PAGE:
EconSys worked with The U.S. Department of Veterans Affairs (VA), Veteran’s Health Administration (VHA) on its Orthotic and Prosthetic Services (OPS) program. The Government Accountability Office (GAO) had recently released reports identifying several issues that OPS needed to address to better meet the needs of the Veteran population it serves. EconSys’ study analyzed the current demand for OPS in the VA workforce and evaluated where gaps might exist, both today and in the future. We also reviewed the program outcomes and the overall cost structure, ultimately providing several recommendations.
Federal agencies rely on long term projections and workforce planning exercises to determine how best to adjust for both current and future needs.
Effective workforce planning is an important component of federal HR – allowing specialists to better understand their hiring needs both now and up to five years into the future.
Management of human capital in a federal agency requires careful analysis of the workforce. From outside factors that create different demand scenarios to internal factors, like the average age and tenure of the workforce, workforce profile analysis allows you to better understand the impact that different events might have on your future needs.
Workforce planning in federal agencies is limited in many ways by the current resources and technology in place. Agencies need to measure not only retirement and quit rates, but the impact of key factors on those rates, projections for workforce demand over a multi-year period, the productivity rate of the current workforce, and the gap between projected needed and current staff based on grade, occupation, and duty station level.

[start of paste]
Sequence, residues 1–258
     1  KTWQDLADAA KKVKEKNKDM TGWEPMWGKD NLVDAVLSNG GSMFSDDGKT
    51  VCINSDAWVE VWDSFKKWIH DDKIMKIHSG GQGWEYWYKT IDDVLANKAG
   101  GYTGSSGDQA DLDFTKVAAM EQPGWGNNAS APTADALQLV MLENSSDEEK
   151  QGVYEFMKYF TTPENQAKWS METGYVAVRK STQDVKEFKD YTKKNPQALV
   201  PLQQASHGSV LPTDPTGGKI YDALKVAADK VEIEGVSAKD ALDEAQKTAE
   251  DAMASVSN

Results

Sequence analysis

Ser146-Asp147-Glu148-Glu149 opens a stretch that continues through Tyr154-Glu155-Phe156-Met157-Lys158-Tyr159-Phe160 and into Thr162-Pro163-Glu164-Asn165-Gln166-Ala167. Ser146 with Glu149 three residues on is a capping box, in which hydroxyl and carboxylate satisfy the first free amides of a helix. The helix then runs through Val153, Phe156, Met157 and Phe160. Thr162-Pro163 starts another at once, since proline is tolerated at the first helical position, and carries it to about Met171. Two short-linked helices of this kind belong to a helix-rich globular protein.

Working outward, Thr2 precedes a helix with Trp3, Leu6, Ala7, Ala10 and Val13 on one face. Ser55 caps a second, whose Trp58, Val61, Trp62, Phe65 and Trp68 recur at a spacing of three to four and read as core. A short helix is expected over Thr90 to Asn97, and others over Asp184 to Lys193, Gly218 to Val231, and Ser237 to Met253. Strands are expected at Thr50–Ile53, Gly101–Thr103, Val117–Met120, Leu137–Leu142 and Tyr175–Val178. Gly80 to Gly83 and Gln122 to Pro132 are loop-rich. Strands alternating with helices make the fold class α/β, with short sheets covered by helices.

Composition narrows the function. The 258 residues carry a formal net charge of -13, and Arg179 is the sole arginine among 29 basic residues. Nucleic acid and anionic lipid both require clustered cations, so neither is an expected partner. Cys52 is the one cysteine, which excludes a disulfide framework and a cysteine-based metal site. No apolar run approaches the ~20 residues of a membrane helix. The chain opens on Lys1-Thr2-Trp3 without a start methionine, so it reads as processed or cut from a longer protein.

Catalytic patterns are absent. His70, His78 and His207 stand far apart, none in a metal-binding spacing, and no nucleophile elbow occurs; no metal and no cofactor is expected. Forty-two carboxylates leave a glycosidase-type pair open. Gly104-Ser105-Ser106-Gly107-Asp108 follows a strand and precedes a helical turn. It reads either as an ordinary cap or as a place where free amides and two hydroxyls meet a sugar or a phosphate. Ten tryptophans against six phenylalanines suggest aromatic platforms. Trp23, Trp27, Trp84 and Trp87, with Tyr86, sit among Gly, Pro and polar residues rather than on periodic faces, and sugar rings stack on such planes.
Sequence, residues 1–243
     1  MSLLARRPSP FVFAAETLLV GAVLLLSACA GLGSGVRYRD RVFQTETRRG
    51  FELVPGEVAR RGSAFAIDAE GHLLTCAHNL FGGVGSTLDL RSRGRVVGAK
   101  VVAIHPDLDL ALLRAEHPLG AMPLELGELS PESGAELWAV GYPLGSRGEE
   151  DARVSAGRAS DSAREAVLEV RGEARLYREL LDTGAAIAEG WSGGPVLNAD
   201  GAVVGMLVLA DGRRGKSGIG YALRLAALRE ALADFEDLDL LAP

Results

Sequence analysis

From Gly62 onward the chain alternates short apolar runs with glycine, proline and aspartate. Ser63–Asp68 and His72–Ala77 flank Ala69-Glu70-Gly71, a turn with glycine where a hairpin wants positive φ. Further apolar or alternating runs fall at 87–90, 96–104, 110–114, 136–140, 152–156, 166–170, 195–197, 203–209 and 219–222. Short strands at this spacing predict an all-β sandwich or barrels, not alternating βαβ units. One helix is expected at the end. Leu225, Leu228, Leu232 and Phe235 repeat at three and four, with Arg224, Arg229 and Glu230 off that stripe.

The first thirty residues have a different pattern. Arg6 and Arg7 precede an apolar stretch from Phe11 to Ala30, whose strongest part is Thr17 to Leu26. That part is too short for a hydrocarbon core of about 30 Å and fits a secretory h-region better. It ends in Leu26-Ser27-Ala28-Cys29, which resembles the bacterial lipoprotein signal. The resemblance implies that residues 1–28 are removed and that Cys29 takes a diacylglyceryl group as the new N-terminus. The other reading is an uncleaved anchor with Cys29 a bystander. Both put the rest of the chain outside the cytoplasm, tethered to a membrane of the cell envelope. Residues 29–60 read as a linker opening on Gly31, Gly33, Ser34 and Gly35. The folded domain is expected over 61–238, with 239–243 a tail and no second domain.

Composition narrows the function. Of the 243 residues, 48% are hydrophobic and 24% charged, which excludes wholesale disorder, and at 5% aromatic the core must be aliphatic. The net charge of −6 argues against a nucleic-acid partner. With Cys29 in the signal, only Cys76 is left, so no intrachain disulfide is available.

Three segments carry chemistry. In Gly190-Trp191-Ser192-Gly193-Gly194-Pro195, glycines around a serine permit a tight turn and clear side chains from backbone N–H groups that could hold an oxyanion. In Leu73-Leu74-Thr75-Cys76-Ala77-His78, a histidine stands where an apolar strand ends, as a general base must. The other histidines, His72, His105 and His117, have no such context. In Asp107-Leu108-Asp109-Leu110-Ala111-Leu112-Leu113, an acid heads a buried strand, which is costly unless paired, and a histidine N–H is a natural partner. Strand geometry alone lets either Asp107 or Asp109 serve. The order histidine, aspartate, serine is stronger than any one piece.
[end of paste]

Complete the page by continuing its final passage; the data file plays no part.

The volume of employees needed to staff any single agency, combined with routine transitions, high retirement eligibility rates, and general turnover present several challenges that federal agency HR specialists need to address.
Forecasting and preparing for shifts in the federal workforce is a recurring challenge faced by federal agencies. Several factors can have a direct influence, including shifts in the retirement rate among the large number of eligible retirees, mandates from the Office of Management and Budget (OMB), or new congressional guidance related to hiring rates and grade distribution. Agencies are constantly reassessing their hiring requirements.
Federal agencies must evaluate several key factors including retirement and quit rates, to determine how best to map the size, scope, and composition of their workforce requirements over the course of three-to-five years. The hiring that happens today will influence the makeup of an agency for many years to come. As such, agencies need to rigorously determine how best to build a workforce that will support their future needs.